and obey the laws of the Federal Government, and this proclamation of the President is a nullity.
They can relieve the country of any dangers or injustice from such a source.
They will not do that; not an iota of their pride and ambition will they sacrifice.
We can only say to them what we have always said: Obey the laws and drop this rebellion, or we shall compel you; and when that is done, we shall settle the account with the President for this proclamation.
The experience of Wm Henry Hurlbut in the South--Choice extracts.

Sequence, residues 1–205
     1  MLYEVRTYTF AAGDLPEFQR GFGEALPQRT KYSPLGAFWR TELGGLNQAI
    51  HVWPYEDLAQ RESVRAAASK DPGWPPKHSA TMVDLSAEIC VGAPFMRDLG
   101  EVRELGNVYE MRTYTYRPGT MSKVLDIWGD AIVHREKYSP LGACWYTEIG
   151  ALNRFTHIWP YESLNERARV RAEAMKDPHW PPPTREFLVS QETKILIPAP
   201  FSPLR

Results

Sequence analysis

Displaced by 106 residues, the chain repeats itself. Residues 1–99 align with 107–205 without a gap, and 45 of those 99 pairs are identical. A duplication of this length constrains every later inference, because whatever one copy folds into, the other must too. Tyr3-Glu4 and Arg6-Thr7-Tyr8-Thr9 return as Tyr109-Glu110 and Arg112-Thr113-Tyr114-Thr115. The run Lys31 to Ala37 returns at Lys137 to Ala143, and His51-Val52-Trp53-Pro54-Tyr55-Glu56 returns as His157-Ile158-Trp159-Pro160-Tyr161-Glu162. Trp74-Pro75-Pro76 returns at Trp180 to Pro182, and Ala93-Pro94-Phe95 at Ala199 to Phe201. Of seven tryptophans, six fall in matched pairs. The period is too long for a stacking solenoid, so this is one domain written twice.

Mr. Wm. Henry Huribut, who was not hung as a spy during his sojourn in Richmond, is publishing in the New York Times a series of letters to Hon. Amasa A. Parker, entitled "Fifteen Months at the South." He says after Secretary Benjamin refused him a passport he "took rooms in a retired part of the city, and awaited a favorable opportunity to escape." He had full liberty to observe things in and around Richmond and feels warranted now in admitting that--